I know you never said it was, but you have mentioned straight RAID as a redundancy solution before and I was just echoing that RAID0 isn't. It's one of the earliest implementations of RAID.
And no, as I continue to say, RAID is fundamentally different than ZFS. I'll keep hammering away at this until you get it. There are no checksums in RAID. At all. On any level. That means a file that's copied can get corrupted, though it's rare. However, rare does not mean never happens. This does happen. The other major issue that all RAID arrays have is what happens if your array goes down in the middle of a massive write. The chances of you losing that data are pretty much assured. However, there's now a fantastic chance that you've corrupted the index. That just lost you every last file on the array and while it's recoverable unless you do a lot of defragmentation (which raises the risk of this happening, oh the irony) then there's a good chance what limited file you recover are going to have some level of corruption.
ZFS has built-in checksums. That means on every read and every write a quick checksum is made to the file to make sure it's not been corrupted somewhere along the way due to basic software errors. Then it uses copy-on-write protection which means that if you were to lose power mid-write the worst that would happen is whatever data you were writing is now lost. However, any data on the zpool form before that is perfectly safe with 0% chance of corruption.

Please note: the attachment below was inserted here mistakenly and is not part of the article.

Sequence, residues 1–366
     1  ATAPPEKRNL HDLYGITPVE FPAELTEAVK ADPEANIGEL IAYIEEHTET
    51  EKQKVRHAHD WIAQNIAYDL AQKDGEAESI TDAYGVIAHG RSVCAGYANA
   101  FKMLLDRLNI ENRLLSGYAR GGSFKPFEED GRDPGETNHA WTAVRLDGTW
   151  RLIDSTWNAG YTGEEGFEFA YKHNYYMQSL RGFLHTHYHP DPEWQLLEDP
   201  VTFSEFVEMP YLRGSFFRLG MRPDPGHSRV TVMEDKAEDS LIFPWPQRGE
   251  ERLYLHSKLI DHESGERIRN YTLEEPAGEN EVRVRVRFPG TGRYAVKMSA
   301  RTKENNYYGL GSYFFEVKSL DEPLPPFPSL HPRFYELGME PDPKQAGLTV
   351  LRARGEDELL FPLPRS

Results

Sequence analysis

As for performance, it doesn't actually take a lot of processing power to do a ZFS RAIDZ zpool. The big requirement is RAM, which is why a lot of people just skip it and use SSDs as cache disks. However, if you do that, a RAIDZ1 zpool is actually pretty close to a RAID5 array in terms of speed, though not quite as fast as RAID10 or RAID0.
So while some of the things they will do for you are the same, when it comes to reliability ZFS has a near 0% chance of failure over it's entire lifetime where a RAID system will die at some point. It's why if you're doing it seriously you always have at least two independent RAID servers so that when one array dies (and it will) you have the other as the fall-back. ZFS eliminates the need for that second array as a redundancy solution. At least, from any system-level issues.
Neither system touches human-level stupidity. Oh, wait, ZFS does. It has versioning built in to the filesystem, similar to Time Machine and RSYNC, that allows it to take snapshots of any changes at a bit level automatically and roll them back as necessary. Which, oddly, saves you form stupid user errors as well.
Which RAID doesn't do in any circumstances at any RAID level.
So the benefits of RAID over ZFS: RAID is a little faster and is less hardware intensive. The benefits of ZFS over RAID: ZFS has none of the inherent stability issues and is significantly less likely to suffer from any level of data lose.
By the way, to everyone else, I know it seems like this is horribly off topic but hardware isn't the only thing that effects reliability. The circumstances in which a drive is used make a world of difference.